1. There is a lack of awareness on the part of important stakeholders, community members, and other state/district level actors involved in the Beti Bachao Beti Padhao programme implementation and its components about the uniqueness of the programme. While in the grass root level the Anganwadi workers implemented it as another programme against ‘Kanya Vrun Hatya’; at the district level the number of clinics raided and PC/PNDT cases registered were given importance. In between, the ‘Padhao’ component gets lost and valuing the worth of girl child as a individual on her own right could not be translated into action.
  2. Since the implementation have been left in charge of District Programme Officers (DPOs), ICDS, with a brigade of Cluster Development Programme Officers (CDPOs) and ASHA/Anganwadi workers who are all females. They, in turn, find it difficult to discuss the issue with male community members, PRI members, village elders, etc. as purdah system is prevalent in village communities. But, male family members are decision-makers in families. So, the issue remained submerged.
  3. Involvement of male officials in the issue have remained unseen and absent while grass root level workers often stressed on the fact that male officials presence in village, discussing the issue with village elders will contribute positively for the success of the programme.
  4. There is a lack of social awareness amongst the community members in regard to ayurvedic medicines which claims that it is for begetting a male child, which are actually fertility medicines. It has not been dealt with seriousness by the district authorities.

 Deepening Impact

  1. Inclusion of Civil Society in the programme implementation, monitoring and for sustainability.
  2. The issue is deeply embedded in the socio-cultural fabric. Thus, there is a need of holistic understanding of the issues that intersect with the larger issue of gender imbalance leading to Civilization crisis.
  3. Gender sensitization trainings are vital for not only the communities and youth but the stakeholders involved in the implementation of B3P in Mini Secretariats of districts.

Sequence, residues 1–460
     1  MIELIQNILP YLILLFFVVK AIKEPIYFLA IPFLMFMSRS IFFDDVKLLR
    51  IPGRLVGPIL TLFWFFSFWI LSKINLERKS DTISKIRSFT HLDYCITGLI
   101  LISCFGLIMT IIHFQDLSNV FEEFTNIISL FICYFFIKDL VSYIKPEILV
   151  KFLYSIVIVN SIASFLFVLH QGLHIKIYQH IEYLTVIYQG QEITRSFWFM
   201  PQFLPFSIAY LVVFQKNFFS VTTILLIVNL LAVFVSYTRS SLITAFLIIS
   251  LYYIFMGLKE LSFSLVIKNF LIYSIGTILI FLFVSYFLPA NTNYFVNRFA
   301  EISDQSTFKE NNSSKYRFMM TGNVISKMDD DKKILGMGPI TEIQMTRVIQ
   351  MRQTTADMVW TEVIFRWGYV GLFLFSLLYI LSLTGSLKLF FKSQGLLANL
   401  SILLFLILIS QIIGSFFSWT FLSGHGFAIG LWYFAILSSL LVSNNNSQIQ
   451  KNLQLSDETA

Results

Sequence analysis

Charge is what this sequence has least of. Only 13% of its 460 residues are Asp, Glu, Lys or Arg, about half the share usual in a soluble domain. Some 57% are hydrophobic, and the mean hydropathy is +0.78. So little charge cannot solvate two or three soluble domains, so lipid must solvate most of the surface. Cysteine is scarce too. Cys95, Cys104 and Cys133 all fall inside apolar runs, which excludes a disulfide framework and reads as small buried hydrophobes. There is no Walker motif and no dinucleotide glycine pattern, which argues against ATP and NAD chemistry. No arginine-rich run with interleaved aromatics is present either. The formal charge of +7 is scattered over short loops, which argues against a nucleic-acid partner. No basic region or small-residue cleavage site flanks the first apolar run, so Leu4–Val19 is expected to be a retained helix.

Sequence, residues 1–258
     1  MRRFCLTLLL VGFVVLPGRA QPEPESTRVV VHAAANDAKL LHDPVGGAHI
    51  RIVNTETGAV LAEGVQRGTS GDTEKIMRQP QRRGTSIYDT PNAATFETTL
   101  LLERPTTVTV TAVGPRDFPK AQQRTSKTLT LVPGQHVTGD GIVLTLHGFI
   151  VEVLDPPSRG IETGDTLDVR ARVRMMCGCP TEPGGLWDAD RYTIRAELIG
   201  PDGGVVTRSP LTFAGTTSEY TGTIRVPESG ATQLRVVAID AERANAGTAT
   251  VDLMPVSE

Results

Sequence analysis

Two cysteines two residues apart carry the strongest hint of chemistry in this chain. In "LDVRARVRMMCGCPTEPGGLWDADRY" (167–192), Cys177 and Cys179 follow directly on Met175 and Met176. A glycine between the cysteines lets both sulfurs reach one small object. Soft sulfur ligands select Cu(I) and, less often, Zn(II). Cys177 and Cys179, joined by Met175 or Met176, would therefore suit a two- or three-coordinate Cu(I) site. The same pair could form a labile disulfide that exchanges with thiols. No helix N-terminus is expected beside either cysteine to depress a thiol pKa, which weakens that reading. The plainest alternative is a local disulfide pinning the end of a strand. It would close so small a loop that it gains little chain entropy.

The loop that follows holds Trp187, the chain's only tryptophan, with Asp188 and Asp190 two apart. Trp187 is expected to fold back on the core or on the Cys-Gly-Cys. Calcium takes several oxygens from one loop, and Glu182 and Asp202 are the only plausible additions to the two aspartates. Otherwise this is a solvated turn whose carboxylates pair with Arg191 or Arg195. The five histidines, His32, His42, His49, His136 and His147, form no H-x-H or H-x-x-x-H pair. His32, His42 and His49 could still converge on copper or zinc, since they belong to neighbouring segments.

4. The right of women over their bodies must not be comprised by the authorities to chase away targets in the name of ‘tracking of pregnancies’.
  5. The issue of sex determination is not to be dismissed as a social evil, but need to be dealt with utmost sincerity and efforts while treating it as crime against women from birth to death.
  6. Special focus must be given to providing adequate facilities/opportunities to the girl child in realising her dreams and aspirations.

Way Forward

  1. The ‘social insecurity’ aspect of girl/s-only families needs to be specially emphasized under ‘Beti Bachao Beti Padhao’, since we need to ensure an overall objective of gender justice, equality and empowerment.
  2. The Civil Society should be taken in as equal partner in implementing the programme, its monitoring and sustainability for effective translation of empowerment components through holistic development of the girl child.
  3. The deep rooted causes have to be addressed with a top down approach starting with state level and district level authorities connecting with the village communities.
  4. A much greater attention needs to be on ‘Beti Padhao’ aspect of the slogan, where immediate attention should be on educating the girl child to the higher levels.
  5. Proper enrolment and retention of girls in schools must be maintained with provisions for proper hygiene and sanitation, such as adequate functional toilet facilities and drinking water to begin with.

Beti Bachao Beti Padhao needs to be aligned with other existing schemes, to avoid any overlapping, confusion and wastage of resources. This will simplify the process for the beneficiaries also.

Ms. Vinita Rawat and Ms. Swati Nagar of CSR team who were engaged in the implementation of B3P in five districts, presented mementoes as token of appreciation to the panellists.

The concluding session was conducted with the kind words from Prof. Anil Vashisth and his inspiring token of appreciation for Dr. Ranjana Kumari, Dr. Manasi Mishra and her team at CSR. Students and volunteers from the Kurukshetra University put forward their views on B3P emphasising on equal opportunities for boys and girls in higher and professional education, skill development and employment. They also urged the stakeholders to consider safety and security of girl children as a issue of ownership by the society. Their voices were moderated by Prof. Sukhbir Lal Khokra, Coordinator, Youth Red Cross Society & Ms. Vanita Dhingra, Student Counsellor, Kurukshetra University. Dr. Mishra concluded the Dialogue with a generous thanking note for Kurukshetra University, HBF, her team, and all significant people who have contributed to the successful two-day Dialogue.

Read here the full Report of the Dialogue

Discuss this article on Facebook